Former actor George Takei describes himself as "Mr. Sulu from Star Trek but I hope all know me as a believer in, and a fighter for, the equality and dignity of all human beings." The liberal activist has been a vocal opponent of President Donald Trump and a tireless fighter for leftist causes. But it looks like he accidentally showed his true feelings in this recent tweet:
"A citizen making claims without evidence is a nuisance," he wrote. "But if it's the President, it becomes a menace. And we must be rid of menaces."
Takei was referring to Trump's accusation that President Obama tapped his phone at Trump Tower during the 2016 Presidential election -- surveillance the Obama administration officials deny ever happened. Many said that Trump's charges (delivered, naturally, via Twitter) were irresponsible considering the current political and cultural polarization that exists in this nation.
But what about Takei's tweet? Doesn't it take criticism of the President to a different and inappropriate level?
Let's take a stroll down Memory Lane back to 2011. Remember when Sarah Palin used a “crosshairs” graphic for the members of Congress whom she believed needed to be voted out of office due to their support of Obamacare? After the shooting of Representative Gabrielle Giffords, liberals said Palin was responsible for creating a climate of hate and actually inciting violence... Want to see the infamous "crosshairs" chart that merited this level of accusation? Gawker helpfully published it on its site, complete with an arrow to point out the "violent rhetoric."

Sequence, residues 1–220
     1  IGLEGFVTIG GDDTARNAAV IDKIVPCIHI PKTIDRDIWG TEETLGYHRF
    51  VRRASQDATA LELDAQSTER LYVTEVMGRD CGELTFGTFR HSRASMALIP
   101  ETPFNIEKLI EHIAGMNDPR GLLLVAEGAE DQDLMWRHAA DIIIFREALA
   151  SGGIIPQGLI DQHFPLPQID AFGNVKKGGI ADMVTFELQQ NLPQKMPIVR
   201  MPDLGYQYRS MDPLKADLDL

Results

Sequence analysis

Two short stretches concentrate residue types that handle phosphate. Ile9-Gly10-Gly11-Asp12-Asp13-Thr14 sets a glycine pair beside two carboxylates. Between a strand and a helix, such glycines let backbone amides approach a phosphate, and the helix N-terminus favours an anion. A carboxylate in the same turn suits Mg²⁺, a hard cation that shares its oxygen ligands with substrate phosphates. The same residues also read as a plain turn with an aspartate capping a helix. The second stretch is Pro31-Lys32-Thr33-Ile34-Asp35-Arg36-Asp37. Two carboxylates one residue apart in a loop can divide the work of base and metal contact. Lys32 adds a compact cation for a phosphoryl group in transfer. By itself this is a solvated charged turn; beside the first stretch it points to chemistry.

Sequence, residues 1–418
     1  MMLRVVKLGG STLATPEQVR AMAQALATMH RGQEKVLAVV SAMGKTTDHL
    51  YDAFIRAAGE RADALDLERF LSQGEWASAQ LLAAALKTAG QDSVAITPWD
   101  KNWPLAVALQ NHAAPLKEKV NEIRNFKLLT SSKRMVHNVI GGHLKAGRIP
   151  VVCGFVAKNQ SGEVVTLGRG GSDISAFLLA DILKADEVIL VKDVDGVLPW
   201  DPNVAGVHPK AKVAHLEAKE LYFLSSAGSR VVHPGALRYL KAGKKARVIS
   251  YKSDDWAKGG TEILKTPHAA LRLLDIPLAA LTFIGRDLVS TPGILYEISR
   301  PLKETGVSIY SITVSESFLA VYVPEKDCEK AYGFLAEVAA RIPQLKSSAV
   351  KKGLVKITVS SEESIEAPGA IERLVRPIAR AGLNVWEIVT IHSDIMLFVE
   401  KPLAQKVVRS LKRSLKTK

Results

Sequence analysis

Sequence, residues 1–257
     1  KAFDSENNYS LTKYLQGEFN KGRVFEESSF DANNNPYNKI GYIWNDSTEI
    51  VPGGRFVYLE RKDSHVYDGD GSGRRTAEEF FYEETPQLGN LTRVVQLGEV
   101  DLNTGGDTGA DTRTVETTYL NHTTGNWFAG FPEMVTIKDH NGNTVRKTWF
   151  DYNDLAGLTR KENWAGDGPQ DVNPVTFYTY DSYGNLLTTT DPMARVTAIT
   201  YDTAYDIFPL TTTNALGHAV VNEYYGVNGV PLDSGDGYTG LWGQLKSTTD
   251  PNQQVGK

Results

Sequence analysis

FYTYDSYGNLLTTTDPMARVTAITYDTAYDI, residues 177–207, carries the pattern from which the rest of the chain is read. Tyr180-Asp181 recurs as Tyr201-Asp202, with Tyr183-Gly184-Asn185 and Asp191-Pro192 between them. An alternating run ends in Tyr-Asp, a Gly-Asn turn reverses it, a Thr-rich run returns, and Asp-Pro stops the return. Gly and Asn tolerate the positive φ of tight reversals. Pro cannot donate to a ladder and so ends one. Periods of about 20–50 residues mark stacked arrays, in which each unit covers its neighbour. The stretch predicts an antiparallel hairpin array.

Compare that mild graphic with Takei's very clear tweet: he called Trump a menace and then says, "...and we must be rid of menaces."
Do we think Takei wants someone to assassinate the President? No more so than when Henry II sparked the assassination of Thomas Becket by pleading to his knights, "Will no one rid me of this troublesome priest?" But the incredible double standards of the media are getting to be a bit too much to swallow.